No neurovascular damage after creation of an accessory anteromedial portal for arthroscopic reduction and fixation of coronoid fractures
- 95 Downloads
Arthroscopic reduction and internal fixation for coronoid process fractures has been proposed to overcome limitations of open approaches. Currently, arthroscopy is most frequently used to assist insertion of a retrograde guide wire for a retrograde cannulated screw. The present anatomical study presents an innovative arthroscopic technique to introduce an antegrade guide wire from an accessory anteromedial portal and evaluates its safety and reproducibility.
Six fresh-frozen cadaver specimens were obtained and prepared to mimic an arthroscopic setting. The coronoid process was localized and a 0.9 mm Kirschner wire was introduced from an accessory anteromedial portal, located 2 cm proximal to the standard anteromedial portal. At the end of the procedure, a lateral radiograph was taken to verify the Kirschner wire position and open dissection was conducted to evaluate possible damage to neurovascular structures.
The Kirschner wire was drilled without complications in the coronoid process of all six specimens. Damage of the brachial artery, the median nerve, and the ulnar nerve did not occur in any specimen. A corridor between the brachialis muscle, the median intermuscular septum, and the pronator teres could be identified as suitable for the wire passage.
This study presents a safe and reproducible technique combining the possibility to introduce a guide wire from the anteromedial part of the coronoid, under direct visual control, with a completely arthroscopic approach. This wire can guide the introduction of a retrograde cannulated screw from the dorsolateral ulna to the tip of the coronoid. This new arthroscopic approach permits to obtain improved visual control over coronoid process fixation, without endangering neurovascular structures.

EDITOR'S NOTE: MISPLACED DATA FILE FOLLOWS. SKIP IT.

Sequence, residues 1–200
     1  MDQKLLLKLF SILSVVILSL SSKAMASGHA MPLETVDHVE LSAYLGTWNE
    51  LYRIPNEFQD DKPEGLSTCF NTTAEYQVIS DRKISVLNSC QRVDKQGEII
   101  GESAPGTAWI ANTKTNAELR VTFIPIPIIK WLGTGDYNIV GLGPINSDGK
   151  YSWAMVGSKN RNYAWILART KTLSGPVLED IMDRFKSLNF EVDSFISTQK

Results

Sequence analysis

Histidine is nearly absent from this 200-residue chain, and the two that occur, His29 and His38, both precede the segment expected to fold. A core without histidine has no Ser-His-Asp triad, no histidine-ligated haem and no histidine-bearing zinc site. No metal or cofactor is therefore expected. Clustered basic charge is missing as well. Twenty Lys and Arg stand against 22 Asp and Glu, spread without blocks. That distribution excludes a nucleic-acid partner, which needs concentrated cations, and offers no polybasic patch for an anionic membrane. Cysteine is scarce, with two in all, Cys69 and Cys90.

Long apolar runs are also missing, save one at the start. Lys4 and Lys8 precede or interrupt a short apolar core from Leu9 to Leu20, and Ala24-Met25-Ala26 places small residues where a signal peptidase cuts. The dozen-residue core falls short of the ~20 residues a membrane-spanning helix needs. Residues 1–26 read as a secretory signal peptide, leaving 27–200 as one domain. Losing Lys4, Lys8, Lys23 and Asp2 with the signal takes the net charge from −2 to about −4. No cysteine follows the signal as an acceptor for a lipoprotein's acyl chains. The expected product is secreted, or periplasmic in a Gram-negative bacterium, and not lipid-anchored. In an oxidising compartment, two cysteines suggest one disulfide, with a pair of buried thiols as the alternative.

KeywordsElbow Arthroscopy Cononoid Safety Fracture Fixation Anatomical study
PA: study design, surgical procedures, and manuscript correction; DC: study design, data collection, and original draft preparation; EG: surgical procedures; FL: data collection and figures; SN: surgical procedures; AM: statistical analysis; PR: manuscript correction.
This study was not funded.
Compliance with ethical standards
Conflict of interest
Author PA declares payment for development of educational presentations from Arthrex, outside the submitted work. Author DC declares that he has no conflict of interest. Author EG declares that he has no conflict of interest. Author FL declares that he has no conflict of interest. Author AM declares that she has no conflict of interest. Author SN declares that he has no conflict of interest. Author PR declares personal fees from Arthrex and Depuy (Johnson&Johnson), outside the submitted work.
Nicola’s Foundation & ICLO Research Center (ID10601).
Not required (cadaver study).
- 9.Gray H (1858) Anatomy. Descriptive and surgical. John W. Parker and Son, West strand, LondonGoogle Scholar
- 16.Malagelada F, Health B, Trust NHS, Quiron H (2015) Elbow anatomy. In Doral MN, Karlsson J (eds) Sport inj. Springer, Berlin, pp 1–30Google Scholar